If you don’t already own one, you should be able to buy a digital recorder for $50 USD or less. I usually use a Sony ICD-PX370, which is lightweight and easy to connect to your computer. If you don’t want to buy a recorder, you can also probably get away with using a recorder app on your phone, or you can record using Audacity on your computer (though that will mean bringing your computer with you when investigating).
You’ll want a pair of sound-blocking (not noise canceling) headphones. Typically, people use the Vic Firth stereo isolation headphones, which are drummer’s headphones that are great at blocking external sound. In a pinch, I’ve also used regular earbuds (after testing to make sure I couldn’t hear the questions played on my smartphone), but that isn’t recommended.
You’ll probably want to use your phone to play the questions, though you could also use an mp3 player with external speakers or your computer to play the audio, if you prefer. Any audio player with a shuffle function will do.
Optional: An eye mask or blindfold
Create your Solo Estes Session Kit
You’ll need to have a little bit of tech savvy to record and set up your questions. This initial setup is the hardest part, but you’ll only need to do it once.
1. Come up with a list of questions
In a spreadsheet software like Google Sheets (which is free), make a document with at least two columns: “Question” and “Number.” I also added columns labeled “Recorded” (for me to mark off whether I’d recorded the question yet or not) and “Source” (to note where I got a question from, if I didn’t think of it myself.)
Then brainstorm a list of questions, adding each one to its own row in the “Question” column. I used a mix of questions I’d sourced online, and questions I’d thought of myself. I wanted to pull questions from other sources because they were phrased differently from how I would have written them, and because some of them weren’t things I would have asked. I was looking for variety because that would make it harder for me to guess what question was playing and start to hear what I wanted to hear.
To start, I came up with about 150 questions. I wanted to make sure there were a lot, again, so it would be harder for me to accidentally guess them.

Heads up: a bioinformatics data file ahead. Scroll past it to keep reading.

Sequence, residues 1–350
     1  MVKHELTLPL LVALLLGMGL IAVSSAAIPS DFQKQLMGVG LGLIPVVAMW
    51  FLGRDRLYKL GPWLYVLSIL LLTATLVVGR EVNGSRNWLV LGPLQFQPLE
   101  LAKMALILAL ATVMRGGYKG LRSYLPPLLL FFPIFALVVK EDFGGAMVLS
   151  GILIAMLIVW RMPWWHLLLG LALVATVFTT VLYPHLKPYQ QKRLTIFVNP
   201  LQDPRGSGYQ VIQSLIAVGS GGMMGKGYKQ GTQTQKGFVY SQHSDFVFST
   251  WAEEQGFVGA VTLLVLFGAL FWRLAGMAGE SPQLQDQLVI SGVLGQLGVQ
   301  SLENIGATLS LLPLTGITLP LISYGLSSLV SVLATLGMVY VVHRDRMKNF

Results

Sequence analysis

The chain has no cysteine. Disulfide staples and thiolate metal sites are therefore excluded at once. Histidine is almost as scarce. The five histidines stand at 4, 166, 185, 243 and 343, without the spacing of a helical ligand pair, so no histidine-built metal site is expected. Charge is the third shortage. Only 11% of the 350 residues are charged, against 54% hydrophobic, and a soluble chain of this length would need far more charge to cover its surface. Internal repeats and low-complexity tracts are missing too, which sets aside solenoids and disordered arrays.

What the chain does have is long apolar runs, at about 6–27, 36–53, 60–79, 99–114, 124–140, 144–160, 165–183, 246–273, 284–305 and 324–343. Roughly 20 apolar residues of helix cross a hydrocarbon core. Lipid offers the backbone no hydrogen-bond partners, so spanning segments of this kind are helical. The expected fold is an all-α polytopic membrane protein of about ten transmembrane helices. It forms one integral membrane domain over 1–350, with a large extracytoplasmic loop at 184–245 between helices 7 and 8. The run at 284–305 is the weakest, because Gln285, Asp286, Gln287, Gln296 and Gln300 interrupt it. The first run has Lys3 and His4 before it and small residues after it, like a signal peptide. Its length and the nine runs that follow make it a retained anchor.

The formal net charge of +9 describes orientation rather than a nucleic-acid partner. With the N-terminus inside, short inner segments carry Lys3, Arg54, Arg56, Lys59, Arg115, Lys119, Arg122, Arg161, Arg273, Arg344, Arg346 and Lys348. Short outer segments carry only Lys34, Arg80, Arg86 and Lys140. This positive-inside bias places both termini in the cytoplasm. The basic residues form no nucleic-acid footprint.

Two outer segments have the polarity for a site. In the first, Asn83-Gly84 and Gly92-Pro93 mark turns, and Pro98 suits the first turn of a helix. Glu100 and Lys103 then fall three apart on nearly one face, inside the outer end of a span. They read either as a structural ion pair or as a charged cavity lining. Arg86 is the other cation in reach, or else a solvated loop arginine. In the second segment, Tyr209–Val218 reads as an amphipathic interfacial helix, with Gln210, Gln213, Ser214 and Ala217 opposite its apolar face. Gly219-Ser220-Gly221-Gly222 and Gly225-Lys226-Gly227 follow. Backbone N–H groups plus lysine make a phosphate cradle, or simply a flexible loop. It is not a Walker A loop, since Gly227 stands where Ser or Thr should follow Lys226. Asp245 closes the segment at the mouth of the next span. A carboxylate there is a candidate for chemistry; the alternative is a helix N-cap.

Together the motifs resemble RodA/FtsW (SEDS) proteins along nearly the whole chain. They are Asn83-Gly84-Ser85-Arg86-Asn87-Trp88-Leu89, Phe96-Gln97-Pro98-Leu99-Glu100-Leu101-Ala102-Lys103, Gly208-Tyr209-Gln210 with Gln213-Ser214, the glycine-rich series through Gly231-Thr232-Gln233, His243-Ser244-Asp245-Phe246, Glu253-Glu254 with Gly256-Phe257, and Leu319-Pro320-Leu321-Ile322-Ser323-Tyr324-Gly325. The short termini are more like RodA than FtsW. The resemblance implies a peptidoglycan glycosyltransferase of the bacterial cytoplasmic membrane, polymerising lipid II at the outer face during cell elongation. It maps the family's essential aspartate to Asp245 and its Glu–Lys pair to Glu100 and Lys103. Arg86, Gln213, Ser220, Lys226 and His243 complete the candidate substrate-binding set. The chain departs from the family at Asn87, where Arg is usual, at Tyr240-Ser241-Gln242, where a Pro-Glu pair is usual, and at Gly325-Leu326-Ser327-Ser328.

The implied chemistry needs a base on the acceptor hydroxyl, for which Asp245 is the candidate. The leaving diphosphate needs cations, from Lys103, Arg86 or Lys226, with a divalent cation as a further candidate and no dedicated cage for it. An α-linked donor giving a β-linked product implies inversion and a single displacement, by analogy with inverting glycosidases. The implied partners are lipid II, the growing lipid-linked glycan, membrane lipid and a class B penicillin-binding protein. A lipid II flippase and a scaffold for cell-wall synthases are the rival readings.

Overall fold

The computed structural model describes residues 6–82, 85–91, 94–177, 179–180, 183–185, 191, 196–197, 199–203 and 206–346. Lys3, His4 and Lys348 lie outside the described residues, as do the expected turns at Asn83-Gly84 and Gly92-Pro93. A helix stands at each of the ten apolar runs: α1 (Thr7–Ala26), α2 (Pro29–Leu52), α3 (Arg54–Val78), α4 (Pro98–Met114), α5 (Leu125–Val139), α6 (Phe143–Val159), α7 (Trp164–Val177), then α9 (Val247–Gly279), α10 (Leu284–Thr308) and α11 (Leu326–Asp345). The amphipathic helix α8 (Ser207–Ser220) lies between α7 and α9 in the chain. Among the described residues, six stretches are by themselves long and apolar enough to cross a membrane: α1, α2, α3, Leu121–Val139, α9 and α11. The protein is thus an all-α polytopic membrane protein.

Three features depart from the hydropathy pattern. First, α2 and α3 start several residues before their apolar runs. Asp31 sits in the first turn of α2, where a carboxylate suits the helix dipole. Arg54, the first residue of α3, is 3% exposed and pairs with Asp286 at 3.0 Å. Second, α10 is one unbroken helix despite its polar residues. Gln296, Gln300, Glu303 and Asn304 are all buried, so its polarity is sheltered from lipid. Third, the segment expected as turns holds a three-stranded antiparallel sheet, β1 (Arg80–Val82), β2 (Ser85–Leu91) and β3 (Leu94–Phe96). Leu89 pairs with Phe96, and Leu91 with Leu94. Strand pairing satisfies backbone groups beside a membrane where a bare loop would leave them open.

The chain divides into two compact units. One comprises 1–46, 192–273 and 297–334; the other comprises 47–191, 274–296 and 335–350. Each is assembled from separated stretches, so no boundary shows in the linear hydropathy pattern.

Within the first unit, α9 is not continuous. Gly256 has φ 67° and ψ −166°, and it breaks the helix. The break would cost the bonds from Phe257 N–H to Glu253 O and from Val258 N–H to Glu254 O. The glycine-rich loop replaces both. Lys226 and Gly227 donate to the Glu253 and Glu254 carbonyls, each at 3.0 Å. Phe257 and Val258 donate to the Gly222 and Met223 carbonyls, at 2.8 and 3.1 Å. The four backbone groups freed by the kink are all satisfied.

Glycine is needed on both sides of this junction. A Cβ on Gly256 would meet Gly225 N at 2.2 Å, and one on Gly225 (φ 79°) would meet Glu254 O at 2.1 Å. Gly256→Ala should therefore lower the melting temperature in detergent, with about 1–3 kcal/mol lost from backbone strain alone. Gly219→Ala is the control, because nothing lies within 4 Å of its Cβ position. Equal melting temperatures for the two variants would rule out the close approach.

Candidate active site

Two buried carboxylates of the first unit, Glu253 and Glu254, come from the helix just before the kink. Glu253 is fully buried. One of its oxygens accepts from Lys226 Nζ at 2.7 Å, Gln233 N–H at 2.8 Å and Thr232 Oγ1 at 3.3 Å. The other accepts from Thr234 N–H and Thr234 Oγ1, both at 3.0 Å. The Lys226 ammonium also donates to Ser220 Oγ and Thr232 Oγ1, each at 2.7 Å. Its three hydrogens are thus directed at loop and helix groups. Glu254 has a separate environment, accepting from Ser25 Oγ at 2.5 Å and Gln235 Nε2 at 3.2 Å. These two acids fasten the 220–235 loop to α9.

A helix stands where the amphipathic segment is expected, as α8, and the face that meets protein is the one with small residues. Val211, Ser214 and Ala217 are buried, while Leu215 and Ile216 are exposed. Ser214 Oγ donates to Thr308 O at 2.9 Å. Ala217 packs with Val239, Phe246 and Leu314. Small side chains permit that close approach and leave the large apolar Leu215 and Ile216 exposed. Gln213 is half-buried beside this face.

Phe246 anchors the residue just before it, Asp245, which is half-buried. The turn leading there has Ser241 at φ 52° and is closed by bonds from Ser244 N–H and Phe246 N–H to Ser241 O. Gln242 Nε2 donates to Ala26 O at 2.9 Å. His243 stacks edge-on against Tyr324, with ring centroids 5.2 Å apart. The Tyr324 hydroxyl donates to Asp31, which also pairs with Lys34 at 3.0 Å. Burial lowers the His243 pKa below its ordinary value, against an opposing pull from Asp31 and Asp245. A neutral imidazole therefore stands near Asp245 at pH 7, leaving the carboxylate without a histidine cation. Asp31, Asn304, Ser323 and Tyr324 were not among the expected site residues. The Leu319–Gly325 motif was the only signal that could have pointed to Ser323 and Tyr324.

2. Assign a random number to each question
You don’t have to do this step, but I strongly recommend it. If you assign a random number to each question, you’ll be able to make each question’s filename a random number instead of with the question. So if you happen to glance at your phone during the session, all you’ll see is a random number, and that won’t bias you as you listen for answers. But if you need to locate a particular audio file later on, you’ll be able to look up the file name in your spreadsheet.
To assign a random number, type this formula into the cell in the “Number” column next to your first question: =randbetween(100,1000000)
That formula will fill in the cell with a random number between 100 and 1,000,000. You can choose any number range you want, but the bigger, the better, because that reduces the chance of having a duplicate number. Copy this formula down to all of the cells below, so each question has its own random number.
Once the numbers have been assigned, select the entire column, copy it, then right click (or Command+click on a Mac) and select Paste Special > Paste Values Only. That will remove the formula and leave you with just the numbers. If you don’t do that, the numbers will re-randomize every time you edit the spreadsheet.
If you find later on that a number is repeated, just add another number or two to the end of it to make it unique again.
That’s the end of the spreadsheet part of things!
3. Record the questions
Open up Audacity or another audio recording program and record your first question.
Once you’ve recorded the question, add some silence onto the end of the recording (you can do that by just letting it continue to record.) I added about 1 minute to the end of each question. That will give you time to answer during the session, before the next question plays.
Once you’ve recorded the first question, export it as an mp3 and name the file with the random number that the spreadsheet assigned it.
Continue recording questions and saving each of them as an individual file until all of your questions are recorded.
I also included a couple “questions” that were just 1-3 minute stretches of silence, also with random numbers as their filenames. I did that just to add some additional randomness to the session, and to make the cadence of the questions less predictable to me. (Again, my goal with these questions is to try to “trick” my subconscious into not being able to guess what’s being asked, or not asked, on the recording, and thereby hopefully getting more trustworthy results.)
This process will take a while, but the good news is that you’ll only need to do it once (unless you decide to add or eliminate questions later).
4. Update the questions’ metadata
Drag and drop the questions into Mp3Tag (which you can download for free) or iTunes. Once all of the questions are loaded into the program, highlight all of them, and update the album name to “Estes Session Kit” or something similar.
(You can skip this step if you labeled each file with a consistent album name when you exported them, though it was faster for me to just update the metadata all at once at the end.)
Subscribe on Patreon to get the Solo Estes Method Kit (pre-recorded questions) that I made: https://www.patreon.com/buriedsecretspodcast
5. Upload the questions onto your smartphone
Download the questions onto your smartphone and open them up in a music app. (I like to use Pulsar, but anything that allows you to shuffle tracks within an album will work.)